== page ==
Boxing promoter Bob Arum says Anthony Joshua needs to win big fights in the United States before he can be considered "really relevant" despite holding three of the four major world heavyweight championships.
Joshua (22-0) holds the WBO, WBA and IBF world belts but has never fought outside his native United Kingdom as a professional. Top Rank CEO Arum told TalkSport Fight Night the gulf between pay-per-view earnings in the U.S. and the United Kingdom means the former is the true proving ground:
“If you go and do the fight in the UK, because of the difference in time in the afternoon, you’re not gonna do any business on [U.S.] pay-per-view.
“Eddie has a good thing going with Joshua, and he’s done a good job in the UK, but he’s got to make Joshua really relevant.
“To really make the amount involved bigger he’s got to have Joshua’s big fights in the United States.”
Just as the British audience may not have as much of an appreciation for Deontay Wilder—WBC heavyweight champion, the only belt stopping Joshua from becoming the unified champion—Americans may not rate the Briton as highly.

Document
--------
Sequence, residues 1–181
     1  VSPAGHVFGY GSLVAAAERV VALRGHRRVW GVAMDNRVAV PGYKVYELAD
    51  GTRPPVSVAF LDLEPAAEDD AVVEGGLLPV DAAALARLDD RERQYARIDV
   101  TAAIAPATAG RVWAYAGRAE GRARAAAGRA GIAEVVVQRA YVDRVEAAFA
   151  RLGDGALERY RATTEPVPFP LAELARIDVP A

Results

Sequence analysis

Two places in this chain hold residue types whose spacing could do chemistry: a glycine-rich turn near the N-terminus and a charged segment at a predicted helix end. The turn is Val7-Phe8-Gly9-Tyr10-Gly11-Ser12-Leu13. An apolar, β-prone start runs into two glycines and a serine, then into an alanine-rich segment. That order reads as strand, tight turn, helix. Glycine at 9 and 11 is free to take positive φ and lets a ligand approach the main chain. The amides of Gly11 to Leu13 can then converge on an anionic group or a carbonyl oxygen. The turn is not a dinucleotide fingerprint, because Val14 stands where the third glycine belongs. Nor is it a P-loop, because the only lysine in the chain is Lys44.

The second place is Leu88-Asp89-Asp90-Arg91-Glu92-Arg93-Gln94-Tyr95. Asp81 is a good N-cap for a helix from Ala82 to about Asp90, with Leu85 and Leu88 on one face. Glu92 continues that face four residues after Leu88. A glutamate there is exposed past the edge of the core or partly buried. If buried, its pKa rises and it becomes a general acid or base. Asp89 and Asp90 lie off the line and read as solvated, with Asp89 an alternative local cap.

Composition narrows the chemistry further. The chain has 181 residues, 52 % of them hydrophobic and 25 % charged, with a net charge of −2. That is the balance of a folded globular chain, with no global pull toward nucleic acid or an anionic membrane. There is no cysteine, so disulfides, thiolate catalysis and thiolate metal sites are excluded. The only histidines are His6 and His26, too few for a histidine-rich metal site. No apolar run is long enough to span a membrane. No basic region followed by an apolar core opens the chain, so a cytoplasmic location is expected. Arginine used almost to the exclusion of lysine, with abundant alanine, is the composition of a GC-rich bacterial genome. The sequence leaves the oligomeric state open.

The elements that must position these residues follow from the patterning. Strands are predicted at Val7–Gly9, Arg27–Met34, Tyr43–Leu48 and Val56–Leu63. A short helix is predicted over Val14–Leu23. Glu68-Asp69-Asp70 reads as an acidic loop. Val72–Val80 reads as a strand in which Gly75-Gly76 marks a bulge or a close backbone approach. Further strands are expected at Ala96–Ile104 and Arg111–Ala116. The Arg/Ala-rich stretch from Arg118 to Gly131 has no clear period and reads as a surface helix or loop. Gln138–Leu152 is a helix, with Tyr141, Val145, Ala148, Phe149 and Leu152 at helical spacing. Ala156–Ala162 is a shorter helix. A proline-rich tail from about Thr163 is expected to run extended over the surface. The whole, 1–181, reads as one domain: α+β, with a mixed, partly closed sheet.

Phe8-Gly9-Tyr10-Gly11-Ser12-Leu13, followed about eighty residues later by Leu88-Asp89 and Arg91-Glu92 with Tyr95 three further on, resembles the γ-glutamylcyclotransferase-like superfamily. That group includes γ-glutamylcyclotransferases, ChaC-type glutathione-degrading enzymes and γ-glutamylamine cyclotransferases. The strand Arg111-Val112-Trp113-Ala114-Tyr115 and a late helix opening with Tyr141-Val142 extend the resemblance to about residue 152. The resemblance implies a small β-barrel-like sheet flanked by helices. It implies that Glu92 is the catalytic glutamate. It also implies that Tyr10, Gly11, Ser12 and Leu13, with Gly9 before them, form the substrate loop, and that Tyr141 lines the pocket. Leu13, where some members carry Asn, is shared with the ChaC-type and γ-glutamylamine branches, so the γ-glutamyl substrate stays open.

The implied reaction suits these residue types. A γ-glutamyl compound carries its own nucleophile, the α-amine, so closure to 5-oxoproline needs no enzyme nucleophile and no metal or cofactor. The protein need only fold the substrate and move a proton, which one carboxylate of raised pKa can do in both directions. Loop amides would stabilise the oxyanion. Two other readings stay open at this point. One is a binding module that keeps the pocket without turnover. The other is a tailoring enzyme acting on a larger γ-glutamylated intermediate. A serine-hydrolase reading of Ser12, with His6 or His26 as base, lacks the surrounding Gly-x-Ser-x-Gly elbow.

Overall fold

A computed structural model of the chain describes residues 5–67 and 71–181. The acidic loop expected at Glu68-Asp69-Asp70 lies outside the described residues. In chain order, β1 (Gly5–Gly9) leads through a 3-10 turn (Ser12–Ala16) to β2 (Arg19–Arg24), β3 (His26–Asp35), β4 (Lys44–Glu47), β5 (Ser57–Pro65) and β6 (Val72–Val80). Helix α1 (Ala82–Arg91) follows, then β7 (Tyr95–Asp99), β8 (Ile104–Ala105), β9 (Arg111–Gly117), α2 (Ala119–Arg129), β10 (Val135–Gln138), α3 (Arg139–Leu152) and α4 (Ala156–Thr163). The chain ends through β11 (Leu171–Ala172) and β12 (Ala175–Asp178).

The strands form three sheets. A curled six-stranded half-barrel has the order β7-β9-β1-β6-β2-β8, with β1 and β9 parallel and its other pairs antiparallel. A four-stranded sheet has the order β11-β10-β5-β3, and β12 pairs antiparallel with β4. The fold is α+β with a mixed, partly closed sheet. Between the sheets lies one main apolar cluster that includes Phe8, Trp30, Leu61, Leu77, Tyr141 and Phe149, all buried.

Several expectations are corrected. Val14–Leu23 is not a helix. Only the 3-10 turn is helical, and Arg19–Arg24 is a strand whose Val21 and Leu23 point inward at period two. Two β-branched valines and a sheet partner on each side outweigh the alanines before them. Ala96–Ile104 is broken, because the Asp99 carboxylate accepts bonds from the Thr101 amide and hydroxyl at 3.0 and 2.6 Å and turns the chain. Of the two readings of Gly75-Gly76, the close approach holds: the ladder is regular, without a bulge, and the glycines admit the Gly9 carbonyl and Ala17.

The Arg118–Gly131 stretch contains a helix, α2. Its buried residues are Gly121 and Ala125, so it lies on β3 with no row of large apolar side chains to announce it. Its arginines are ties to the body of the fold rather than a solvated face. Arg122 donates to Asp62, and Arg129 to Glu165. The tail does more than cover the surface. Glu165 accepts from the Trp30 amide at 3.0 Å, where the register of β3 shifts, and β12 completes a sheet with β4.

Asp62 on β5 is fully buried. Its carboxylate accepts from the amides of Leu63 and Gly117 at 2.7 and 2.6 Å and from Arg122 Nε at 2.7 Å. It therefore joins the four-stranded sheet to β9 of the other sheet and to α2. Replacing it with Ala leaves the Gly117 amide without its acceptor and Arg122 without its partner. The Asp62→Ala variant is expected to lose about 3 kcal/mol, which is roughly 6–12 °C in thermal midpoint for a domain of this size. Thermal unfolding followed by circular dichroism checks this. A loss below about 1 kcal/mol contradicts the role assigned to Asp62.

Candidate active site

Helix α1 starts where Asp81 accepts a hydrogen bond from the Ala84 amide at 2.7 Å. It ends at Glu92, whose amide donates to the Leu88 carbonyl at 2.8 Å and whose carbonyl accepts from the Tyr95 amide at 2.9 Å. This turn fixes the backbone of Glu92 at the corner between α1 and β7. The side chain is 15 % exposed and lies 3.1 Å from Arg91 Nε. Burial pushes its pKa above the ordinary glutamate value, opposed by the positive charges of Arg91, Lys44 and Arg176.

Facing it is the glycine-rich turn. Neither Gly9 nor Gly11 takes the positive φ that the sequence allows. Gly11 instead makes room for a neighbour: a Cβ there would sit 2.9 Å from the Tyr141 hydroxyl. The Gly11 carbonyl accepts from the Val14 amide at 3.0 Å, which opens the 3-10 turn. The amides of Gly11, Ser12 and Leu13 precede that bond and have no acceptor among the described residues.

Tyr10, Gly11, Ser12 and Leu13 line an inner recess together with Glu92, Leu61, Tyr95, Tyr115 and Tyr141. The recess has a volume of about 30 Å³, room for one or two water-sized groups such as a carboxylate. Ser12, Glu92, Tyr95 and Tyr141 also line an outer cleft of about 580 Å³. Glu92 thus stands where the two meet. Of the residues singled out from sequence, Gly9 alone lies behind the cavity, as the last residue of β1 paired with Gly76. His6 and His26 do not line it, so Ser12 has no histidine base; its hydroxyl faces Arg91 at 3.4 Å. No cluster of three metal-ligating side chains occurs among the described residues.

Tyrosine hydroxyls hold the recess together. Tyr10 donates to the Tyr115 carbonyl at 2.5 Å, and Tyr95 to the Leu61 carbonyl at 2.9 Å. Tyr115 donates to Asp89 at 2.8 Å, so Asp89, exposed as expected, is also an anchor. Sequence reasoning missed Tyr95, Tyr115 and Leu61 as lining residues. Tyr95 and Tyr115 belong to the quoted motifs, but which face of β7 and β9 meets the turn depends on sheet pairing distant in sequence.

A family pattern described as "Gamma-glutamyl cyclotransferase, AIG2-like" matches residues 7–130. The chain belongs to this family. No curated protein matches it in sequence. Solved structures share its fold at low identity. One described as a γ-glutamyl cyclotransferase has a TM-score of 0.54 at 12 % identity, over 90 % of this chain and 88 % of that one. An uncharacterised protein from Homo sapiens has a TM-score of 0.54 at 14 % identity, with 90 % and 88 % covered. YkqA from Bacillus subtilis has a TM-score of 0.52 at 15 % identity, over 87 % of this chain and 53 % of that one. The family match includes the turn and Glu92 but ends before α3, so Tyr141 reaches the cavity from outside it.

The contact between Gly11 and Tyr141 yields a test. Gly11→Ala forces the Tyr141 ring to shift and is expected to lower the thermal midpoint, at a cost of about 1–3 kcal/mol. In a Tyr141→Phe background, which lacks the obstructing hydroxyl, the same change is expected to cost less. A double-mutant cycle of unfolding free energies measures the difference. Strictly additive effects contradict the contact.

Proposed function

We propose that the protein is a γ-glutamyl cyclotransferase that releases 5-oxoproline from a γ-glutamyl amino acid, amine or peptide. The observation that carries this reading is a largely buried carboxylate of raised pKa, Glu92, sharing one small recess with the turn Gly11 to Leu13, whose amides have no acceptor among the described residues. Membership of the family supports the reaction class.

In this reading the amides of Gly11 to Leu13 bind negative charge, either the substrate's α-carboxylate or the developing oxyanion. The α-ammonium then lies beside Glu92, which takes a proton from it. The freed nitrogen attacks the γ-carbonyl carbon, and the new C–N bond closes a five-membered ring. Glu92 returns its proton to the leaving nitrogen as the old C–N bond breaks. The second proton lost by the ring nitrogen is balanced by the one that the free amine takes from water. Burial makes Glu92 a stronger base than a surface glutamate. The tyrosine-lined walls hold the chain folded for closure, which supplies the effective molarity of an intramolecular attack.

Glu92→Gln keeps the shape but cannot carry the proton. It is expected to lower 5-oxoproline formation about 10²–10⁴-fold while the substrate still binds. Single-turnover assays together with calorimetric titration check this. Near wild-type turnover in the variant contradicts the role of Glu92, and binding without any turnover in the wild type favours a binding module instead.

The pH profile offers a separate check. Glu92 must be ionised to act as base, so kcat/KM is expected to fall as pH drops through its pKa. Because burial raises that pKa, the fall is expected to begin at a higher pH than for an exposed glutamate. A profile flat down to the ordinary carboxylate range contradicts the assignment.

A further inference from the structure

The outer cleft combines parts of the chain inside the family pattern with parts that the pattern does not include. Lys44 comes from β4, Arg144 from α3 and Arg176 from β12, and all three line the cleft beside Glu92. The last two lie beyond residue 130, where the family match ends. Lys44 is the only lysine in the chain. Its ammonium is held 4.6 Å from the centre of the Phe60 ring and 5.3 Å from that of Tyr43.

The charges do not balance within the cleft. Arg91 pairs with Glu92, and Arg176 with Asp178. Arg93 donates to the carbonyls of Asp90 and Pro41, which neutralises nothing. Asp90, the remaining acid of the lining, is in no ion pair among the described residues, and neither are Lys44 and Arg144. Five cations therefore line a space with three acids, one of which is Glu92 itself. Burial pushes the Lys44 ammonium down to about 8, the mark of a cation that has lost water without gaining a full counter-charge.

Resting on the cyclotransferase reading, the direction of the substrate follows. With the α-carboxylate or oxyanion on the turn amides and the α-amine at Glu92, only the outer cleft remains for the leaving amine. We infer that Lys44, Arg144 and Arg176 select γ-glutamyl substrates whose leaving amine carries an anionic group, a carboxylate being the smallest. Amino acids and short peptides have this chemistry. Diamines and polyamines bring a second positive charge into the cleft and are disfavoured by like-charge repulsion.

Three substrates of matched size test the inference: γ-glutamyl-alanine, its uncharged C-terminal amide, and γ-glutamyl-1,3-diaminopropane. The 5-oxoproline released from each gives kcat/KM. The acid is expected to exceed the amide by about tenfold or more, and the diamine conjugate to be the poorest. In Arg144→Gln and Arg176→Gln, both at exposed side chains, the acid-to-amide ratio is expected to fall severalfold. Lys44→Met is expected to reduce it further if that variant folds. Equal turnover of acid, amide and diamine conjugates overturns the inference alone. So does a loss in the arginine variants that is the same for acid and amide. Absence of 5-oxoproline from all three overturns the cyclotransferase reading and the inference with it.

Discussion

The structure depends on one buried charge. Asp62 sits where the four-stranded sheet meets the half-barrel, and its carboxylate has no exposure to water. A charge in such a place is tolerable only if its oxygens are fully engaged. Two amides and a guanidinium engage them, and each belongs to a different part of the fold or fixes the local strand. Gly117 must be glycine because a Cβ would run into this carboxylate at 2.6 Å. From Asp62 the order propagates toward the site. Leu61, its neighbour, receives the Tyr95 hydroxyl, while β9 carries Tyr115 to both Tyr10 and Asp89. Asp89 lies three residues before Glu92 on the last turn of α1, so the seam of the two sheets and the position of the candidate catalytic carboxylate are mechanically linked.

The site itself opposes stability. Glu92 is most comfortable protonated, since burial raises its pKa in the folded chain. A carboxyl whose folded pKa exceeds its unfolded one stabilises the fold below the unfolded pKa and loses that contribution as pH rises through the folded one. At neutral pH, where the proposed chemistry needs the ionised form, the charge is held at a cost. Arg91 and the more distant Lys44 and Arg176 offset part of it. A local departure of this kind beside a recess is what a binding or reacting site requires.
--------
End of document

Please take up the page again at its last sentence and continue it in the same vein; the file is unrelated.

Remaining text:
Boxing commentator Steve Bunce appeared on BBC 5 Live Sport in December and didn't rule out a date between Joshua and Wilder (40-0-1) in the States in early 2019:
Arum further explained the finances that make a fight across the pond so much more appealing to those chasing a major payday:
"There’s a whole element there that has to be addressed. The really big money in the sport is if you have an attraction that’s big enough that can sell on pay-per-view in the United States.
“Because if the attraction is big enough and you can come close to two million homes buying it – and the dollar amount after the cable providers take their split is $35/$40 dollars – you do the math."
As a promoter, Arum obviously has some stake in leaning towards certain fixtures and also told TalkSport he felt the public was swaying toward Wilder and Tyson Fury (27-0-1). The pair drew in one of the most controversial decisions in recent heavyweight history December 1.
Lennox Lewis recently told Sports Illustrated the first meeting between Fury and Wilder was "such a tremendous fight" that he wanted to see it again:
Matchroom promoter Eddie Hearn appeared to dismiss the chances of Joshua's next fight taking place in the States, however. He told Sky Sports the three-federation champion was more likely to face Fury at Wembley Stadium in April than he was to take on Wilder, whose camp he said has gone quiet.
All three fighters mentioned would argue themselves to be the best in the world, with none of the trio yet to suffer a defeat in 91 combined professional fights.